As some of you know, I have long been a fan of the Zend framework ever since working with it on the Industries for the Blind website for a number of years. Recently I decided to look at some of the other frameworks out there in an effort to expand my knowledge and find something more lightweight. After looking at frameworks such as CakePHP, CodeIgniter, Kohanna, Symphony, and Yii, I elected to try out the Yii Framework. The main reasons for this were three-fold. First, Yii seems to be fairly lightweight. Second, it natively runs on PHP5. Third, and probably the biggest draw is the integration with jQuery… jQuery has become one of my favorite software tools over the past six months and I was thrilled to find a framework that natively supported it. Zend’s decision to go with Dojo as their main framework was one of the things that I dislike about Zend.
I started by reading some of the documentation. I decided to install version 1.1 of Yii and downloaded a copy to my PC. Using the Testdriving With Yii documentation I decided to jump right in. For my initial install, I did not want to install in the web root as I have a live site there. Instead I decided to make a folder called “Redesign.” The path to that folder ended up being path_to_public_html/Redesign. However, I did not want to place the Yii Framework in that folder so I would be able to use the same Yii framework for multiple applications. I created a folder at path_to_public_html/yii and placed the unpacked Yii Framework files there.
After some rigmarole with my hosting provider, I was able to get SSH working on my hosting account. I tried the following command from the shell.
/path_to_public_html/yii/framework/yiic webapp /path_to_public_html/Redesign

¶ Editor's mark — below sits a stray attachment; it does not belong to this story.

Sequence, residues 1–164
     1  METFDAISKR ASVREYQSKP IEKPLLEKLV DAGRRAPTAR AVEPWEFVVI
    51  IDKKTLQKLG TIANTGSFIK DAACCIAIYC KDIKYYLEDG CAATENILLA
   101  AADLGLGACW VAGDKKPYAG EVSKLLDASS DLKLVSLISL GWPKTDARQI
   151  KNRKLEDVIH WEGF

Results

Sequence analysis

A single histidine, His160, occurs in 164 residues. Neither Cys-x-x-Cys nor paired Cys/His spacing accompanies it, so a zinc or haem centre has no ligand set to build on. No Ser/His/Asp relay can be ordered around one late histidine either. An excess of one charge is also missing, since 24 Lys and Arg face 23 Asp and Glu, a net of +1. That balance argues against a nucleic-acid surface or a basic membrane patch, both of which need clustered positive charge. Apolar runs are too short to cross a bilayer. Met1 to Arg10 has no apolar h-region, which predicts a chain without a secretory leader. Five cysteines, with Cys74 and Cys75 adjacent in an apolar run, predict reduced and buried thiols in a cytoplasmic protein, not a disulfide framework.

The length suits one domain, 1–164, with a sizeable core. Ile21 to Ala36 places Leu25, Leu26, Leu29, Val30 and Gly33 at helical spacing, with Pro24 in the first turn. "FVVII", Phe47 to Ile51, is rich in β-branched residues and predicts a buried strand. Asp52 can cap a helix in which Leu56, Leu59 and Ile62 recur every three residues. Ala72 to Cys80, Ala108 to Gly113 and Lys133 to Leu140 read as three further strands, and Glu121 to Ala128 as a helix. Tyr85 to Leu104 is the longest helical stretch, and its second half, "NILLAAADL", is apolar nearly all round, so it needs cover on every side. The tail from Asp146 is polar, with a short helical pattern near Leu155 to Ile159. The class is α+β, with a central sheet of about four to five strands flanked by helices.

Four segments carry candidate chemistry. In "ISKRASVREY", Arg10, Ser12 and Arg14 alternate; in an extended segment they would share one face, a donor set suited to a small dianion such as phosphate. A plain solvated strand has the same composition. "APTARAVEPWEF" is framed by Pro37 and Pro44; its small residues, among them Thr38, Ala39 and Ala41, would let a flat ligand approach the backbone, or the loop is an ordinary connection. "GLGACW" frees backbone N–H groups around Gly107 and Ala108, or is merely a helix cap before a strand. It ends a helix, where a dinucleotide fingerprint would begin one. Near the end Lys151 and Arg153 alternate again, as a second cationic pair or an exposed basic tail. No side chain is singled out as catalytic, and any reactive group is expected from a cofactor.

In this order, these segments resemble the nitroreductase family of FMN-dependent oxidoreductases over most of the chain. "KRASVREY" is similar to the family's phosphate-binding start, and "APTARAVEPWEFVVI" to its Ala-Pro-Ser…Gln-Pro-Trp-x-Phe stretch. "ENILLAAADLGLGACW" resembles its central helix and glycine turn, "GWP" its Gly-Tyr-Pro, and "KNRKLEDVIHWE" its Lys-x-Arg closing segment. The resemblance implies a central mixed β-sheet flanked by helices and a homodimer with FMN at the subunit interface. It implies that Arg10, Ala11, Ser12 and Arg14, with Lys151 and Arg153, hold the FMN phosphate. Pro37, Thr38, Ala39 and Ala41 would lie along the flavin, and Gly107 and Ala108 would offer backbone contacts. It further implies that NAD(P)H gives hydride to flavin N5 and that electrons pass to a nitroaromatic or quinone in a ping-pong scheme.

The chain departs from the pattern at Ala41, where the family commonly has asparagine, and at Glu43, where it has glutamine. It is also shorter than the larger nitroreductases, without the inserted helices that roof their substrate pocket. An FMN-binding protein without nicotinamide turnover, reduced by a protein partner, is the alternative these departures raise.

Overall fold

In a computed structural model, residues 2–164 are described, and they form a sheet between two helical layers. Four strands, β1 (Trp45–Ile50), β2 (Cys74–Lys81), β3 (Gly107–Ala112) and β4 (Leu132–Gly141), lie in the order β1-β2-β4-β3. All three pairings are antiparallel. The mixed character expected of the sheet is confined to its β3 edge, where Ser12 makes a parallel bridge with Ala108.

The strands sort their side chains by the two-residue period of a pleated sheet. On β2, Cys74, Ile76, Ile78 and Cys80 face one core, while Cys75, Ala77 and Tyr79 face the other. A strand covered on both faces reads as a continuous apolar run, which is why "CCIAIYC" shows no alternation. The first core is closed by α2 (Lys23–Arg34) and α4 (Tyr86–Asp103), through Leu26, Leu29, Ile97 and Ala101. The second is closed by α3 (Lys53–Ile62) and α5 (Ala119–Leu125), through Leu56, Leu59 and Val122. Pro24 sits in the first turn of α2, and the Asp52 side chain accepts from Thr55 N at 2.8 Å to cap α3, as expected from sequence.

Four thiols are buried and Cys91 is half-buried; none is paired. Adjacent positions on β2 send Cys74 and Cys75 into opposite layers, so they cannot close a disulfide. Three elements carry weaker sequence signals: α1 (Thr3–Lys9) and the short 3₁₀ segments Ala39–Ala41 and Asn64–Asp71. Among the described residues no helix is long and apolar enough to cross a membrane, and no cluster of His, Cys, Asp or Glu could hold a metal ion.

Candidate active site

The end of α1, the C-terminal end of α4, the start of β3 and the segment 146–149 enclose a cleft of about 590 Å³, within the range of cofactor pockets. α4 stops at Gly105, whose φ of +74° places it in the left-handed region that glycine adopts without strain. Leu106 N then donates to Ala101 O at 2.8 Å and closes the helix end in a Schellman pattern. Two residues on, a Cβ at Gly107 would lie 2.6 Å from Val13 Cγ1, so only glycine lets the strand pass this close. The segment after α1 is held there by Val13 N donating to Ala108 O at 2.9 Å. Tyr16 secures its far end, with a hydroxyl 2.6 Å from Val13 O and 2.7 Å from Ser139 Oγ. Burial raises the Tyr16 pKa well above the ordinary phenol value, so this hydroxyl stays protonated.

Initially this did not work, but it was a simple matter of permissions for the file (yiic.) After setting the permissions to an appropriate level I was able to execute the command. The script asks for confirmation and then sets up the initial framework for your application. I then tried to visit the site at Domain/Redesign/index.php but kept getting a 500 error. After much tinkering and combing my server logs I discovered that the problem was my permission on the Redesign folder itself (for whatever reason they were set to 777.) After correcting that problem my new Yii site loaded without a hitch.
Some of the things I really like about this initial installation of the Yii Framework include the following.
- The install is incredibly easy
- You end up with a skeleton complete with working menus, contact form, and login
- The framework itself seems incredibly fast
- There is only 1 file accessible (the bootstrap)
- The bootstrap file itself is very simple
- The documentation worked very well (aside from some errors on my end)
So far my experience with the Yii Framework is very positive. I will continue to post on various things as I go through the process of learning this exciting new tool.